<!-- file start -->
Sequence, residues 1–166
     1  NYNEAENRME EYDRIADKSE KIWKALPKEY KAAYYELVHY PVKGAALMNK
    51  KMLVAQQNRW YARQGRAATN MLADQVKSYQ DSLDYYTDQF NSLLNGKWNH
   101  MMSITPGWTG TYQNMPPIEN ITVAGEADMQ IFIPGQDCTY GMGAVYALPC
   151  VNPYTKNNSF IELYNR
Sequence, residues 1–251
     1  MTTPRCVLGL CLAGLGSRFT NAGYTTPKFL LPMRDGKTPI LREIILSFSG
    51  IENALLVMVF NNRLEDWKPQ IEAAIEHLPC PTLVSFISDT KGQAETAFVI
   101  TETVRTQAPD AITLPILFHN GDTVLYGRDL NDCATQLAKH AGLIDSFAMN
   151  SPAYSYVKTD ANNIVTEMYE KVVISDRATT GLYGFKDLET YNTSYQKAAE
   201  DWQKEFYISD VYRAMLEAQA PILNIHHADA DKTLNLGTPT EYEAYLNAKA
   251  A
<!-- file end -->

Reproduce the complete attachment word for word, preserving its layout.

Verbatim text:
Sequence, residues 1–166
     1  NYNEAENRME EYDRIADKSE KIWKALPKEY KAAYYELVHY PVKGAALMNK
    51  KMLVAQQNRW YARQGRAATN MLADQVKSYQ DSLDYYTDQF NSLLNGKWNH
   101  MMSITPGWTG TYQNMPPIEN ITVAGEADMQ IFIPGQDCTY GMGAVYALPC
   151  VNPYTKNNSF IELYNR
Sequence, residues 1–251
     1  MTTPRCVLGL CLAGLGSRFT NAGYTTPKFL LPMRDGKTPI LREIILSFSG
    51  IENALLVMVF NNRLEDWKPQ IEAAIEHLPC PTLVSFISDT KGQAETAFVI
   101  TETVRTQAPD AITLPILFHN GDTVLYGRDL NDCATQLAKH AGLIDSFAMN
   151  SPAYSYVKTD ANNIVTEMYE KVVISDRATT GLYGFKDLET YNTSYQKAAE
   201  DWQKEFYISD VYRAMLEAQA PILNIHHADA DKTLNLGTPT EYEAYLNAKA
   251  A